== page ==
The Federal Election Commission has not solved the “Super PAC problem,” but then again the Commissioners cannot agree on what the problem is. Others outside the agency are divided in this same way. A number of questions in contemporary campaign finance are like that. Because positions are passionately held, each side is convinced that the other is not merely mistaken but dead wrong, maybe also ill-motivated. Given the chance, proponents and opponents of new rules would like to win however they can.

So there is the hope that the Supreme Court can be shifted by a vote toward a more favorable judgment on congressional power to control campaign finance. And proposals are made to strengthen the FEC for a more decisive role. The Brennan Center suggests that the FEC could make strides in the direction if it could be restructured to a) bring an element of nonpartisanship into the choice of Commissioners, by assuring that at least one is unaffiliated with a party and b) add an additional Commissioner to the total to get to an odd number and avoid deadlocks. The changes would supposedly work together to make good decisions: the odd number of Commissions guarantees decision, and the provision for nonpartisanship improves the chance that the decision will be a good one. To secure this ingredient of nonpartisanship, the Brennan Center suggests a “blue ribbon advisory panel” to recommend nominees for consideration by the President.

The goal of a decision is different from the goal of a good decision and so, in this respect, an odd number of Commissioners only gets us so far. And no one has yet defined how “blue ribbon” recommendations of Commissioners, or the requirement that one or more of them be unaffiliated with any political party, will achieve a particular reform objective.  “Nonpartisan” Commissioners will not be without opinions; they will hold views that inform their regulatory positions, just as there are independents who reliably identify with one party or the other.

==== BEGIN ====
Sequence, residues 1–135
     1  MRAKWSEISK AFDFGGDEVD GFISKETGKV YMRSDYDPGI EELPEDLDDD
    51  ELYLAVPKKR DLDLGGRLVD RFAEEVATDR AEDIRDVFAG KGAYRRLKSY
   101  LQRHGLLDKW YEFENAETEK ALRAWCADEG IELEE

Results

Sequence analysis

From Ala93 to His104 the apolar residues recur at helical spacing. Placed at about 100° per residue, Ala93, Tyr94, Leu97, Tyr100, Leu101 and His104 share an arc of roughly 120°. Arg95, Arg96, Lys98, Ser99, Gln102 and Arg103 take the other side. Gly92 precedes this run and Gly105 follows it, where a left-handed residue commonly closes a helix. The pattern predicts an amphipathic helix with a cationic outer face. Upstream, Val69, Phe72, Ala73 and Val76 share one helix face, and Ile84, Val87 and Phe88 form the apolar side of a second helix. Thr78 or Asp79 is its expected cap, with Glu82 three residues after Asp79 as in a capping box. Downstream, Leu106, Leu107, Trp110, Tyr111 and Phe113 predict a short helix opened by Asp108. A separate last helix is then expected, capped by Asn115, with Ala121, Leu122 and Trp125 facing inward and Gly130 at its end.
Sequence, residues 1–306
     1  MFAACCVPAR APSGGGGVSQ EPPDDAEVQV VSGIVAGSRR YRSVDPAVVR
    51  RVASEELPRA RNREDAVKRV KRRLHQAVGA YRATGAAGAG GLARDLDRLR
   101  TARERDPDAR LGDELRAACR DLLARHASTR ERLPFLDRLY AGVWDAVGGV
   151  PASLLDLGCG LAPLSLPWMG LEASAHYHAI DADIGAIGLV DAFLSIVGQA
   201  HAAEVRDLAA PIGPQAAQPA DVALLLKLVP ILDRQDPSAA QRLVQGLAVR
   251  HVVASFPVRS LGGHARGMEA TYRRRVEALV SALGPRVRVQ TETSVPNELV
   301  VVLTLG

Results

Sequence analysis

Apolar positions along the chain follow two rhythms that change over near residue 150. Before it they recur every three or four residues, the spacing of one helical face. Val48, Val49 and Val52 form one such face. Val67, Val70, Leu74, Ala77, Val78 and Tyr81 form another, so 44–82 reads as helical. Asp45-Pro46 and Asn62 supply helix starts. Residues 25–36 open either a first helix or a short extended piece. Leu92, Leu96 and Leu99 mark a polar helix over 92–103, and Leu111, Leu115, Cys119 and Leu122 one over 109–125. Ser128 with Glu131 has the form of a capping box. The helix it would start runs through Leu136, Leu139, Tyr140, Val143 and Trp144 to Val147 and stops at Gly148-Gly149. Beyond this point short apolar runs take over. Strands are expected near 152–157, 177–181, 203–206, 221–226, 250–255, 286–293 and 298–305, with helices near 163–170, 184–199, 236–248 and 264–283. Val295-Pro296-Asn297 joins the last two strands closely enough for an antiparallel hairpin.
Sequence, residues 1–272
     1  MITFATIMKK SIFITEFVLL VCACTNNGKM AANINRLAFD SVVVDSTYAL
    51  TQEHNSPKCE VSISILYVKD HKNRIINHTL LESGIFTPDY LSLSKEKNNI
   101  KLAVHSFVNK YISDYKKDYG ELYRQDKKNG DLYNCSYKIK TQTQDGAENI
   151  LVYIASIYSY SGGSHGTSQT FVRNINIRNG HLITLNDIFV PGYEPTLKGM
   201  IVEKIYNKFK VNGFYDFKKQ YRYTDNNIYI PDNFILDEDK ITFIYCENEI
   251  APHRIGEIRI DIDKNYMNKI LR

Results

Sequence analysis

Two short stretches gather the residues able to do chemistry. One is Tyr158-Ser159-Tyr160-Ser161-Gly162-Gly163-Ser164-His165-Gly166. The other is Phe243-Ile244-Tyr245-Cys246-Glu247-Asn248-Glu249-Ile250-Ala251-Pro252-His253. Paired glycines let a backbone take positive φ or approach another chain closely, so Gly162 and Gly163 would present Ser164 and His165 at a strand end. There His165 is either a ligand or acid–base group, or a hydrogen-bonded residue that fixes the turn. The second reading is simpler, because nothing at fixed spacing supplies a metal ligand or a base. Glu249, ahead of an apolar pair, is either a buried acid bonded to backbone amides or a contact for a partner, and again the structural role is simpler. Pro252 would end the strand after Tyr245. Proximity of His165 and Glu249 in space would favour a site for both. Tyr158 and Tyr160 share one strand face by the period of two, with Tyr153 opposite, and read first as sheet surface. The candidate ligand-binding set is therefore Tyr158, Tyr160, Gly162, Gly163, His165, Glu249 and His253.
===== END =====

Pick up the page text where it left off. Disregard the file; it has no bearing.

We could expect, then, that Presidents might look for the “nonpartisan” candidates whose views correspond most closely with his or her own. Plenty of dependable choices—people with political leanings or ideological perspectives– are available for the picking among the academics or retired judges or “business or community leaders” that the Brennan Center cites as plausible sources of “nonpartisan” recruitment.

The labeling, then, may be different, and it may temper the usual suspicion of Congressional or party control, but why should it be assumed that the results would be different?  The proposed bill on which the “blue ribbon panel” proposal is based, the Restoring Integrity to America’s Elections Act, accepts that the President will choose the members of the panel. If the Center is convinced that the nominations game is rigged, its proposal may merely alter the procedure for rigging it.

This question of the FEC’s failures has been confused by the conviction that there would be clear answers to many of the hard questions if only sensible nonpartisans can be put in charge.  But the Super PAC question, prominent among the Brennan Center’s concerns, shows why this confidence is badly misplaced.  These PACs are a product of the convoluted and creaky Buckley jurisprudence that, on a particular theory of corruption and how it works, extends special protection to independent expenditures.  To attack the problem through a reconstituted FEC, as the Brennan Center urges, is far from a sure shot: even if an odd-numbered, more “nonpartisan” FEC could push through the more expansive coordination rules, it faces a fight in the courts and no trivial chance of defeat.  A fully successful defense of the principal anti-coordination proposals would require altering the meaning of “independence” well beyond the conception set out in Buckley, with serious implications for other organizations and their activities.

There are measures, some noted in this brief paper, that could help address significant effects of Super PACs, and in particular single-candidate Super PACs, on the electoral process.  But they are not ones that the FEC is empowered to put into effect, now or as reorganized.

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